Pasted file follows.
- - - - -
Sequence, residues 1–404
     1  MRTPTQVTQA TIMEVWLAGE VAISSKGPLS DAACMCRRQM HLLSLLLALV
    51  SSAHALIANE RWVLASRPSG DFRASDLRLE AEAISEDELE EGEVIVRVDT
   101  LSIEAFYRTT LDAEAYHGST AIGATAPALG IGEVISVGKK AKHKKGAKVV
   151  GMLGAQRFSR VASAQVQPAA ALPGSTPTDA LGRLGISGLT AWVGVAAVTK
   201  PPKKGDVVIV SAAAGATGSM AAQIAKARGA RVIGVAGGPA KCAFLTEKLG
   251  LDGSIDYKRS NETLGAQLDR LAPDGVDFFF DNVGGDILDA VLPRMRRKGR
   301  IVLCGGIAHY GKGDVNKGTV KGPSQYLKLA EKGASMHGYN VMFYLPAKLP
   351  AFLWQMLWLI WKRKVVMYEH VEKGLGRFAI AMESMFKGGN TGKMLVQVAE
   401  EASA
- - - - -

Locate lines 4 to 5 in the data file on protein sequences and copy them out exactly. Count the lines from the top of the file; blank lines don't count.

   101  LSIEAFYRTT LDAEAYHGST AIGATAPALG IGEVISVGKK AKHKKGAKVV
   151  GMLGAQRFSR VASAQVQPAA ALPGSTPTDA LGRLGISGLT AWVGVAAVTK